Extra dry, red wine – $19.95 per bottle
California, Anderson Valley – Roederer Estate Brut Rosé
Here we have another cool-climate beauty from Roederer Estate in Mendocino County. This is a classic rosé in every way: pale salmon colour, leesy, citrus, berry nose, flinty minerals with persistent mousse on the palate and a long, crisp finish. It’s a bit pricy for a California traditional-method sparkling wine but it’s worth the price for a Valentine’s Day celebration.
Extra dry, sparkling wine – $35.95 per bottle (Valentine’s feature wine)
There are two runners’-up this release:
Italy, Piedmont – DOCG Moscato d’Asti Ghione Piccole Gioie 2010
Moscato d’Asti is something everyone loves, once they have experienced its fresh, sweet, aromatic palate. This wine should not be confused with its country cousin, Asti (Spumante), the cheap, tank-method sparkling wine that most of us associate with Friday night parties at university. Moscato d’Asti is an elegant, lightly-spritzed wine made from the Muscat Blanc à Petits Grains grape, with low alcohol, low pressure in the bottle and intense perfume and delicate mouth feel. This version has delightful spice and honey on the palate and balanced acid and sugars. Buy lots!
Sweet, frizzante wine – $15.95 per bottle
California Napa Valley – Duckhorn Decoy Cabernet Sauvignon 2009
Duckhorn is a 1970’s vintage Napa startup that has developed a solid reputation for solid, tannic Merlots. The fact that its Merlots are so distinctive has pushed its Cabs into the background, but this is not to diminish their quality and character. Decoy is the entry-level line in the Duckhorn range and this wine demonstrates you don’t need to get a bank loan to enjoy fine quality Napa Cabernet Sauvignon. It is aged in oak but similar to the Frog’s Leap below, we have here a fruit-forward wine that garners complexity from the wood without losing its fruit. This is a full-bodied wine with grainy tannins and lots of juicy acid. The finish is long and spicy. Drink now and over the next 5 years.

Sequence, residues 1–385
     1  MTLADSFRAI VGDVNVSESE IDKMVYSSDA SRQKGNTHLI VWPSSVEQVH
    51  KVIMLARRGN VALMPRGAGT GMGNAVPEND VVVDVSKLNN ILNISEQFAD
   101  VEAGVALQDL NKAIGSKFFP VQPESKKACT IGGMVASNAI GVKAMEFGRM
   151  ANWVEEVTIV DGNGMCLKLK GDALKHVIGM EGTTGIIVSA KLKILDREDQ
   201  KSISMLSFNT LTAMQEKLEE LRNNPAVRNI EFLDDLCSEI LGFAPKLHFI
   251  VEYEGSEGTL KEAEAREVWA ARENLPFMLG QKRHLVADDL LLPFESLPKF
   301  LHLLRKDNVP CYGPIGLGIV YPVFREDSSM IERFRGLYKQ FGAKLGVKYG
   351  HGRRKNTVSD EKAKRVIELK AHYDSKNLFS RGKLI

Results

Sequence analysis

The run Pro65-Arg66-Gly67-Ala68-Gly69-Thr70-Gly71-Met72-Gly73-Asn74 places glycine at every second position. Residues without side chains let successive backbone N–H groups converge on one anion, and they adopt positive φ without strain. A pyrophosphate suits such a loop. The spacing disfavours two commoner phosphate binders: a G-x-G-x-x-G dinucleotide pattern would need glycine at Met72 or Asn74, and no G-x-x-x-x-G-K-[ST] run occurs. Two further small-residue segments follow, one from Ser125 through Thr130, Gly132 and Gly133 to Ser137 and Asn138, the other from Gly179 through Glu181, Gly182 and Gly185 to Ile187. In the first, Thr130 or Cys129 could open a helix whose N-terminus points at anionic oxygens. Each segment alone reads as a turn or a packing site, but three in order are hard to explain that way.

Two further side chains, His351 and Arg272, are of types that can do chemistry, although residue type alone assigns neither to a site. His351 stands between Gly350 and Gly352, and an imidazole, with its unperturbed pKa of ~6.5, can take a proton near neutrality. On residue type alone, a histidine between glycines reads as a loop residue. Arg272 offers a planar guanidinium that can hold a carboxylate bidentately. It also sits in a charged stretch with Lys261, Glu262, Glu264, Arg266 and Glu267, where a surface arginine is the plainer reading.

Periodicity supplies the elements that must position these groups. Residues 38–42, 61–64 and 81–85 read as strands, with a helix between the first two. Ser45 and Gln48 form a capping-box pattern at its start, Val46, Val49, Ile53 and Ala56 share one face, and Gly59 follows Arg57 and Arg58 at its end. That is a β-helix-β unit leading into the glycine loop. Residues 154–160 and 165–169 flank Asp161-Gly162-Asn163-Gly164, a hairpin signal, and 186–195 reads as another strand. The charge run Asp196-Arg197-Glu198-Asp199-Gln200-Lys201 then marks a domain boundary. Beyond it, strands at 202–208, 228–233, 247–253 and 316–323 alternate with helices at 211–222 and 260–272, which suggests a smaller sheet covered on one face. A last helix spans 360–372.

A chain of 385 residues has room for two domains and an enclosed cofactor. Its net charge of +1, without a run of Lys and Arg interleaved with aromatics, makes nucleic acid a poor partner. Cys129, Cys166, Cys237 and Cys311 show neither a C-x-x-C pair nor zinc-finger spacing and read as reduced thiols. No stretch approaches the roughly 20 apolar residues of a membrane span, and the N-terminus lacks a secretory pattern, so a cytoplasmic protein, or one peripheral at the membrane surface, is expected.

Extra dry, red wine – $32.95 per bottle (California Cab feature wine)
And there is a Collector’s Item:
California, Napa Valley – Frog’s Leap Cabernet Sauvignon 2009
Frogs’ Leap started life in the 1970’s as a part-time venture of two then-like-minded men, Larry Turley and John Williams. Williams was the wine maker at Stag’s Leap at the time and the property they used was a one-time frog farm (?) owned by Turley. Turley went on to build his cult-status winery on the frog farm and Williams moved on to become full-time owner of F-L. In its early day the Frog’s Leap brand was better known for its whimsical approach to the business than its wines. While the wines have developed into iconoclasts – for Napa Valley, at least – known for elegance, fruit-expression and value, the whimsy is still there (consider its sweet Riesling, Frögenbeerenauslese, or its web site www.frogsleap.com for instance). This Cab is a blend of 93% Cabernet Sauvignon with a small amount of Merlot and Cabernet Franc. It is lean, balanced and correct. Williams uses wood mainly for texture not flavor and this wine shows bright cassis, spice and red cherry aromas and flavours. The fruit is concentrated, the tannins are grippy and the acid is bright. This wine will evolve with time and should be cellared for the next 2-3 years.
Extra dry, red wine – $58.95 per bottle (California Cab feature wine)